If I write a simple subscription to the event, and I want to react to the combination Ctrl + K + C strokes, like Visual Studio does as a hotkey to commenting out selected code, I will choose to call a buffer by the size of 2. (The Buffer is a moving window, where you can specify the number it should store, and the number of steps required to update the buffer, as a call Buffer(3,1) will store 3 consecutive values, and update them when 1 new value comes in). I can now write some simple code to get the keystrokes. You should make a note of the return values from the Buffer code is a IList<T> from the Observable<T> stream, and I will make use of this fact in just a moment:

IDisposable DisposableCtrlBuffer = KeysAfterCtrlHold.Buffer(2,1).Subscribe(evt =>
{
    var key1 = evt[0];
    var key2 = evt[1];

    txtMainWindow.Text += Environment.NewLine + "Key " + key1.ToString() + " and key " + key2.ToString() + " is pressed.";

    if (key1 == Key.K && key2 == Key.C)
    {
        txtMainWindow.Focus();
        txtMainWindow.SelectAll();
        this.Focus();
    }

    if (key1 == Key.K && key2 == Key.U)
    {
        txtMainWindow.Focus();
        txtMainWindow.Select(0, 0);
        this.Focus();
    }
});

This is all nice and well, but It has actually several problems with it. First off, it will store the Buffer in memory, even after the Ctrl key is released. It will also just combine the latest two keys pressed, and this could be problematic if I choose to listen to a 3 keystroke input as well in a different subscription. So I actually want to only get the first 2 keystrokes after the Ctrl key is pressed, and I want to reset the Buffer once the Ctrl key is released.

This is actually not so hard as you might think, I will just have to rewrite the buffer code in a slightly different manner. Instead of specifying how many numbers of keys the buffer should contain and/or the number of skipped values is could take to update it, you could instead use some of the overloads described in the documentation

On that is interesting in many cases is the overload that is on the form Buffer(Start_A_New_Buffer, Close_The_Buffer), and could be used like this:

C#
.Buffer(
    // Start a new buffer when left Ctrl is pressed
    KeyDown.Where(e => e.EventArgs.Key == Key.LeftCtrl)
           .Where(e=> e.EventArgs.IsRepeat == false),
    // Close the buffer if left Ctrl is released
     _ => KeyUp.Where(e => e.EventArgs.Key == Key.LeftCtrl));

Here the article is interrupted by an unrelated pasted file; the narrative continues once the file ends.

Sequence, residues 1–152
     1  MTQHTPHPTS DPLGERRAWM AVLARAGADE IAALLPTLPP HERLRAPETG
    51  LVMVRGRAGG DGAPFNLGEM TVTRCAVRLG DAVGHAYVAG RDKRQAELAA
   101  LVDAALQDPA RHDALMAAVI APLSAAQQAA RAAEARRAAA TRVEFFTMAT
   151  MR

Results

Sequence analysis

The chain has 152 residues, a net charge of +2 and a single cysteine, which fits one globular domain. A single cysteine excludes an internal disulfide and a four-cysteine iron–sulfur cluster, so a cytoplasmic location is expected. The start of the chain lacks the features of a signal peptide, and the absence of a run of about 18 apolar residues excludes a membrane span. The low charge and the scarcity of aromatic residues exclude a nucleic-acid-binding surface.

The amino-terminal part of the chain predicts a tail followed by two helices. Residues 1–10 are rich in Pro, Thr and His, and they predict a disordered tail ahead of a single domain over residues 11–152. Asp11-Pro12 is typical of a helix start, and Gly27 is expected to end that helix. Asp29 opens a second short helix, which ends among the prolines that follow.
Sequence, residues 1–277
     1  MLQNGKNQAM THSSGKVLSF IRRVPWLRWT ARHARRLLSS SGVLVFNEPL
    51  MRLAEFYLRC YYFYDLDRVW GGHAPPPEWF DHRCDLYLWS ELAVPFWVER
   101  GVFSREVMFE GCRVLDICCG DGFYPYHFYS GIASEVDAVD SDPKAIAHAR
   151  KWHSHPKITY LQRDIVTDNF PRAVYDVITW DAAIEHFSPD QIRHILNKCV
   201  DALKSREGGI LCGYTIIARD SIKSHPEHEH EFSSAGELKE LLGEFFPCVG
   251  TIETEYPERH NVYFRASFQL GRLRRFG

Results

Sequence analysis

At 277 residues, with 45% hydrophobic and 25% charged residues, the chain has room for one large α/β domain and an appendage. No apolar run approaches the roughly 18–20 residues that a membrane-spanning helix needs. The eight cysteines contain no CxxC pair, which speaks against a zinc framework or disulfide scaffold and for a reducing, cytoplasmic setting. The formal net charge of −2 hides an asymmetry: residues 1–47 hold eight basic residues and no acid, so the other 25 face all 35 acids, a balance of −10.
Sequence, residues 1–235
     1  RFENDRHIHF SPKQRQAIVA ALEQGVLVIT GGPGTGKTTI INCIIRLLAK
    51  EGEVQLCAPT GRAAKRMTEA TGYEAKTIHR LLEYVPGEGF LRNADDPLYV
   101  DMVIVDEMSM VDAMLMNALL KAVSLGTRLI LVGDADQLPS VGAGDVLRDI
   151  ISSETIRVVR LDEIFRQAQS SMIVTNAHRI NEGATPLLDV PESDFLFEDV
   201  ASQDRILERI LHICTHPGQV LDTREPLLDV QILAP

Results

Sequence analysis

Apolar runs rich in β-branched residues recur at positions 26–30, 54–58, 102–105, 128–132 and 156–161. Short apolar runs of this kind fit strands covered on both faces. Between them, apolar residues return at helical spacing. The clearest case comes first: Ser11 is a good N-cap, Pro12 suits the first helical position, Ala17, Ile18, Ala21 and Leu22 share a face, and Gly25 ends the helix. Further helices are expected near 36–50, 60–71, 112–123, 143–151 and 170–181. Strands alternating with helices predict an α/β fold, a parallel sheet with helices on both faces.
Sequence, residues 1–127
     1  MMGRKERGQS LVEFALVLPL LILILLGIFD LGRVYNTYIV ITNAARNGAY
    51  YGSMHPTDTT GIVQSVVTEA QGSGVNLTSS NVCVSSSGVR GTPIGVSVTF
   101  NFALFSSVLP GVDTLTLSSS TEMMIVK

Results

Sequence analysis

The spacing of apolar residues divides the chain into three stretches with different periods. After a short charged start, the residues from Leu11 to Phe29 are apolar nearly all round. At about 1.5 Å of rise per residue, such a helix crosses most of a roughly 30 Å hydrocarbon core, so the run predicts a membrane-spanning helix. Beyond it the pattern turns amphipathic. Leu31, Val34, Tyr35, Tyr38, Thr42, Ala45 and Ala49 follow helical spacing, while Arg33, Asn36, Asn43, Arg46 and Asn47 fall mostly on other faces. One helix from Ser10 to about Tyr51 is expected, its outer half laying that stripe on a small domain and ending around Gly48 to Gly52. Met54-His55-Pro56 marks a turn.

A little warning to you, it will include the start LeftCtrl in the buffer sent. This isn't bad, but it will not send the values until the Close_The_Buffer happen, in this case when the LeftCrl is released.

Another overload is to specify only when a Buffer should close, be aware that it will send the current buffer as soon as the close condition appear.

C#
Buffer( () => Buffer_close_condition)

This is the one I'd like to use in the application, but I have a problem. I want the buffer to close once it has 2 values but I also want it to be flushed if you release the LeftCtrl key. I can achieve this by using the Observable.Merge function: 

C#
var FlushableKeyBuffer = KeysAfterCtrlHold
   .Buffer(() => Observable.Merge(KeysAfterCtrlHold.Buffer(2), CloseBufferOnCtrlUp.Buffer(1)))
   .Where(evt=>evt.Count==2);

It basically just combining two separate streams into one, so in the code above it will propagate the keystrokes after the Ctrl is pressed, and switch source if the Ctrl key up event occurs. The Buffer(1,1) call is just to have the same return from both functions inside the Merge function. But I am not interested in propagating the Ctrl key up, so I want to stop it from being sent to the subscriber.

This is actually pretty interesting, as I was talking about how keystrokes are considered hot events, I have now created a filter that I could describe as changing from hot to cold as the code will only stream events when the Ctrl key is pressed and not before. 

The updated subscription code now looks like this:

C#
IDisposable DisposableCtrlBuffer = FlushableKeyBuffer.Subscribe(evt =>
{
    var key1 = evt[0];
    var key2 = evt[1];

    txtMainWindow.Text += Environment.NewLine + "Key " + key1.ToString() + " and key " + key2.ToString() + " is pressed.";

    if (key1 == Key.K && key2 == Key.C)
    {
        txtMainWindow.Focus();
        txtMainWindow.SelectAll();
        this.Focus();
    }

    if (key1 == Key.K && key2 == Key.U)
    {
        txtMainWindow.Focus();
        txtMainWindow.Select(0, 0);
        this.Focus();
    }
});

This is very nice and all, but there is a much cleaner way of implementing KeysAfterCtrlHold, using Observable.Join. It also shows how the Join operator actually work, so without further ado:

C#
var KeysAfterCtrlHold2 = Observable.Join(